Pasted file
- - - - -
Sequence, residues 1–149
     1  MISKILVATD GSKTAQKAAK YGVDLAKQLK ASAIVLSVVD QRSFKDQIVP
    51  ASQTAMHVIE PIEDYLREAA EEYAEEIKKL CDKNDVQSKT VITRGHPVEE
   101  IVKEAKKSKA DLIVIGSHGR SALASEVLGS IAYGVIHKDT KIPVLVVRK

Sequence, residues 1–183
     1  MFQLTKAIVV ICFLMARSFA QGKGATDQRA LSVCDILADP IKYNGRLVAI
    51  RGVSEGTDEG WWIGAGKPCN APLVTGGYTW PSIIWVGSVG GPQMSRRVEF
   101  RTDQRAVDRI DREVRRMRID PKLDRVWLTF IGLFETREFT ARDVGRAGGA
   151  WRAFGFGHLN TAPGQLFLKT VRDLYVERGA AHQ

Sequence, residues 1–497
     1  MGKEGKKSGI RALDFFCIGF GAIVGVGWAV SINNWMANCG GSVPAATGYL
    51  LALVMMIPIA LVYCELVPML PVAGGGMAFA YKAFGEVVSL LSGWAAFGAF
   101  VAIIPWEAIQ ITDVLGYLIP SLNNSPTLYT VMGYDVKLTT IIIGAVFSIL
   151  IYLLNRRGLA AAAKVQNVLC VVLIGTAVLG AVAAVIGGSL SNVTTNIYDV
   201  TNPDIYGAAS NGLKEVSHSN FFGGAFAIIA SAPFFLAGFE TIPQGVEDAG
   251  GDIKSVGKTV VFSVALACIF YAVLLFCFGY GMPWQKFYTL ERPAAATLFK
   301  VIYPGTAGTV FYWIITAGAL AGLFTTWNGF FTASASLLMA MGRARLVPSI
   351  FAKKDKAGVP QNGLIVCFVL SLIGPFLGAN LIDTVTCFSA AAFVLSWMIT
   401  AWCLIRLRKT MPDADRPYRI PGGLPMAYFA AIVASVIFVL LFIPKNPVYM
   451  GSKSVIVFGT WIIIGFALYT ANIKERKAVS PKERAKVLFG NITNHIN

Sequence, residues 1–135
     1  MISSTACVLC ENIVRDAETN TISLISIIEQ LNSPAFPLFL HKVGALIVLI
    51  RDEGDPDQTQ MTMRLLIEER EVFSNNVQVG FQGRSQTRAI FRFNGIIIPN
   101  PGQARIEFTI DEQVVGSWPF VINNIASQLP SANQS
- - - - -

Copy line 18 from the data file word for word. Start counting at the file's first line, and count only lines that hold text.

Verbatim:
   351  FAKKDKAGVP QNGLIVCFVL SLIGPFLGAN LIDTVTCFSA AAFVLSWMIT